Bears In Illinois? Not Today, But Once Upon A Time

Updated: Jan 15

If you could hop in a time machine and travel back to 1720, you would see black bears roaming around Illinois. These animals were special to the Potawatomi and other tribes that lived around the Great Lakes then (and now). January’s full moon is even sometimes called the bear moon because this is the month when bear cubs are born.

Black bears don't live in Illinois anymore, but they did centuries ago. (Photo via Shutterstock)

By the time of the Civil War, around 1865, black bears were completely gone from Illinois. Why? Some settlers killed the large mammals out of fear. They worried about their safety and property. Other people hunted bears because they could make a lot of money selling the fur.


Black Bear Spottings


We don’t have a time machine to travel back to when bears lived in Illinois, but some lucky people have seen them in Illinois somewhat recently. These bears aren’t living in Illinois full time, but they pop over from Missouri and Wisconsin from time to time to visit. Closest to us, a bear was spotted to the west in DeKalb County in the summer of 2014. The latest sighting was in southern Illinois during the summer of 2019. No one has seen a black bear in Will County — yet!


Black bears (along with mountain lions and wolves) are protected by the Illinois Wildlife Code. Don’t ever forget that they are wild animals. If you see a black bear, do not run. Make sure to make plenty of noise. You don’t want to surprise them; they are not likely to attack unless they feel trapped. Never approach them and always give them lots of space.


Big and Round: Bear ID


Black bears have short, thick legs with compact bodies and short tails. Their heads are round, and so are their short ears. Their round shape comes from the thick layer of fat under their skin and their dense, coarse hair. They usually look black or dark brown, but they can sometimes have a reddish coat. Their noses are long and often tan.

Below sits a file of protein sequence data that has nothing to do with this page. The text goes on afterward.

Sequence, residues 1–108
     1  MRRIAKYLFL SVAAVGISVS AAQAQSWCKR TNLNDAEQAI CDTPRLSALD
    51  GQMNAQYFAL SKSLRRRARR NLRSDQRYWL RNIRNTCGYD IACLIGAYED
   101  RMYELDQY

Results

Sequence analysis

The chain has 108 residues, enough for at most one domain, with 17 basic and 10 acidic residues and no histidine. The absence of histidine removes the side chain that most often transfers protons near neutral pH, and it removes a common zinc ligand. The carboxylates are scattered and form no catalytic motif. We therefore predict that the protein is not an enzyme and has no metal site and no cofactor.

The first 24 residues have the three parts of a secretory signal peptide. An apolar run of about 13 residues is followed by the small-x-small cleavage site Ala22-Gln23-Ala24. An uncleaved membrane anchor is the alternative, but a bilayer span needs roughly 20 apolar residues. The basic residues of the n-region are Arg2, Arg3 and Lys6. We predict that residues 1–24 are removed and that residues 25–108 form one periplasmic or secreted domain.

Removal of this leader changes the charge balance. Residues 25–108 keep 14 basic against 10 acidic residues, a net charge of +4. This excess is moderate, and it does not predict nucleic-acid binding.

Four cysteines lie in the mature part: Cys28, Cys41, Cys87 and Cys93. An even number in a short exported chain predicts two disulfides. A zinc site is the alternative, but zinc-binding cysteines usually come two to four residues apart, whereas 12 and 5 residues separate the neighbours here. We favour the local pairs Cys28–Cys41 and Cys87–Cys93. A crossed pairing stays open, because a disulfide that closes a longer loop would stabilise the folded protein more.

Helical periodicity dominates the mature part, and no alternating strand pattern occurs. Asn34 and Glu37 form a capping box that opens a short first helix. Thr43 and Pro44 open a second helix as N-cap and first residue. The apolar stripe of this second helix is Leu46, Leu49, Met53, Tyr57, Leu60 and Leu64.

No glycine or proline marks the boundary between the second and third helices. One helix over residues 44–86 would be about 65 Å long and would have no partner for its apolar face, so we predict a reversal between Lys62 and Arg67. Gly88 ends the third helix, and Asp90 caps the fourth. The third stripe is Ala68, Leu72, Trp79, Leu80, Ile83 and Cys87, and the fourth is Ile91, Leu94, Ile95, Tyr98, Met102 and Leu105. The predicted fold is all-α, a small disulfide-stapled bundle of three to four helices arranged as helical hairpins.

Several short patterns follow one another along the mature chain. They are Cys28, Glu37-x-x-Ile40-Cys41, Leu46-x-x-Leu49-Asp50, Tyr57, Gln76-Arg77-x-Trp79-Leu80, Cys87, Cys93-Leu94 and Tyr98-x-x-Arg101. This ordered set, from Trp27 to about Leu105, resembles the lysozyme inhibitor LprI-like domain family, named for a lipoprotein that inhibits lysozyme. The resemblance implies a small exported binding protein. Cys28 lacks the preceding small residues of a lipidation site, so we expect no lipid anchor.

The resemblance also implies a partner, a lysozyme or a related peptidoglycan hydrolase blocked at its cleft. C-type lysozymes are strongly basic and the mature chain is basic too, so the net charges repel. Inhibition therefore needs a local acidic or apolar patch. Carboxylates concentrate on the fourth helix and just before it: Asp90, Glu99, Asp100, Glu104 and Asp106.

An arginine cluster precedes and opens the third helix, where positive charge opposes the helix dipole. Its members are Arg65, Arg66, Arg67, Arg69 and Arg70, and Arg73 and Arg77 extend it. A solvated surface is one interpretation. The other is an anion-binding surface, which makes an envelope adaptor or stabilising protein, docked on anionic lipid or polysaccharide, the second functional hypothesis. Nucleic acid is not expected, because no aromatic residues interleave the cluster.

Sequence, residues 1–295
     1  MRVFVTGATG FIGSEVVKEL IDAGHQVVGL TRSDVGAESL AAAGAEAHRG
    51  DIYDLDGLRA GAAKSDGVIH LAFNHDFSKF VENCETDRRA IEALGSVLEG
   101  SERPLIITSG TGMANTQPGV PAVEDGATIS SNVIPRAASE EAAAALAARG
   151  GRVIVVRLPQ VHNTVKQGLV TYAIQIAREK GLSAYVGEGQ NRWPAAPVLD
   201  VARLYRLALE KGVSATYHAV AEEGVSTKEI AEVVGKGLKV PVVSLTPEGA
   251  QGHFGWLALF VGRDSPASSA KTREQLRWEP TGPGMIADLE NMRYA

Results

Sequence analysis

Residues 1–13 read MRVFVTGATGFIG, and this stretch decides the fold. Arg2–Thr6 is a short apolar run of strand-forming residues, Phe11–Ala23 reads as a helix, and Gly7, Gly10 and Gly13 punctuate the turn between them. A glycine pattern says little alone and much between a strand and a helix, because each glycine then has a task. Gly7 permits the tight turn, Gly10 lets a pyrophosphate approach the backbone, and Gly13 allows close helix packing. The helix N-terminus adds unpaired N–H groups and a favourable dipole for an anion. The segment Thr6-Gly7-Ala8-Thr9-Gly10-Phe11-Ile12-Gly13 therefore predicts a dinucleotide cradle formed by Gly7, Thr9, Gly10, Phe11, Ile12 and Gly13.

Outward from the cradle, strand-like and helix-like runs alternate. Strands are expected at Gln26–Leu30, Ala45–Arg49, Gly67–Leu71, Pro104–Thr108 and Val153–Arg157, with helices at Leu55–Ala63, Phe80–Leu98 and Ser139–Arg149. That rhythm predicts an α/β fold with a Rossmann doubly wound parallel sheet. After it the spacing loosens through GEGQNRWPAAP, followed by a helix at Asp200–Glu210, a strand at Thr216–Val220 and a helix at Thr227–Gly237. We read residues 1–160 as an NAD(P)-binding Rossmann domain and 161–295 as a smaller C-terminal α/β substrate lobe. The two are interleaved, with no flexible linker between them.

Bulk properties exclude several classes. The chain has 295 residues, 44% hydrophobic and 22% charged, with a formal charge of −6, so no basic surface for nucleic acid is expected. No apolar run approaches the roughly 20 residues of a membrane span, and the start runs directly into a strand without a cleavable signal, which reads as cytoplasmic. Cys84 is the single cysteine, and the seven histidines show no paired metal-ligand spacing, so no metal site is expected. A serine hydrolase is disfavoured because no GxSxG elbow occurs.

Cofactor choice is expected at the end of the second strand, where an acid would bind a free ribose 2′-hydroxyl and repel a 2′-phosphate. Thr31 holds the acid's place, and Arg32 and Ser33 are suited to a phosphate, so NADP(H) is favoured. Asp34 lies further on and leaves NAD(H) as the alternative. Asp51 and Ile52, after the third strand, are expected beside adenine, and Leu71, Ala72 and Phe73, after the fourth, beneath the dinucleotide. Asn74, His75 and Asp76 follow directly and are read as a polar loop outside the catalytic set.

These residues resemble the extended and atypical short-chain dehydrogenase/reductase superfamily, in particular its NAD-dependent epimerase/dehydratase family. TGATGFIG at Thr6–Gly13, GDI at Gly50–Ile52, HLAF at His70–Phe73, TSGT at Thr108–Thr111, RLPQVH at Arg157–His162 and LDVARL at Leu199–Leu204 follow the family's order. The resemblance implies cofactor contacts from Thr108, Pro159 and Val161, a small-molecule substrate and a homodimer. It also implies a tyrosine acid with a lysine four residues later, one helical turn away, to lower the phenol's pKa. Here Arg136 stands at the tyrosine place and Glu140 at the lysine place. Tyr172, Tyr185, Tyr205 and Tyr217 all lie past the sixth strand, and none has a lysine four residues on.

On all four paws they stand about 2 feet to 3 feet tall, but when they stand on their hind feet they reach 4 feet to 6 feet! Males are bigger, weighing 250 pounds to 350 pounds as adults. Females weigh 120 pounds to 180 pounds.


Black bears walk on the soles of their feet, just like we do. In fact, their back footprints look very much like ours. The main difference is that on top their five toes they have claws that don’t retract. These claws help them climb trees, hunt and pull bark off trees in search of yummy insects. Just because they’re big and bulky, it doesn’t make them slow. They can run at speeds up to 30 miles per hour!


What’s for Dinner?


Bears are omnivores like us. And it’s a good thing they have eat a variety of foods, because most of their eating is done in only six to eight months of the year. From May to November, they enjoy berries, nuts, roots, honey, worms, leaves, fruits, twigs, insects, fish and small mammals. Imagine eating between 11 pounds and 18 pounds of food a day — that’s what bears do. In the fall, bears gorge on high-energy foods to build up fat for the winter.


Long Winter Nap


Once late fall hits, black bears find winter shelter: caves, holes in the ground, cracks in rocks or under trees. They are not true hibernators; they are what we call deep sleepers. Black bears survive winter by slowing down their heart rate a little, lowering their body temperature a little and sleeping through most of winter.


Females wake in January to give birth to two or three cubs. She stirs from sleep to nurse her cubs, tend to them and keep them warm. Black bears lose 30 percent of their body weight by the end of winter, so when spring finally thaws the snow, adults and the cubs emerge from their dens ready to feed.

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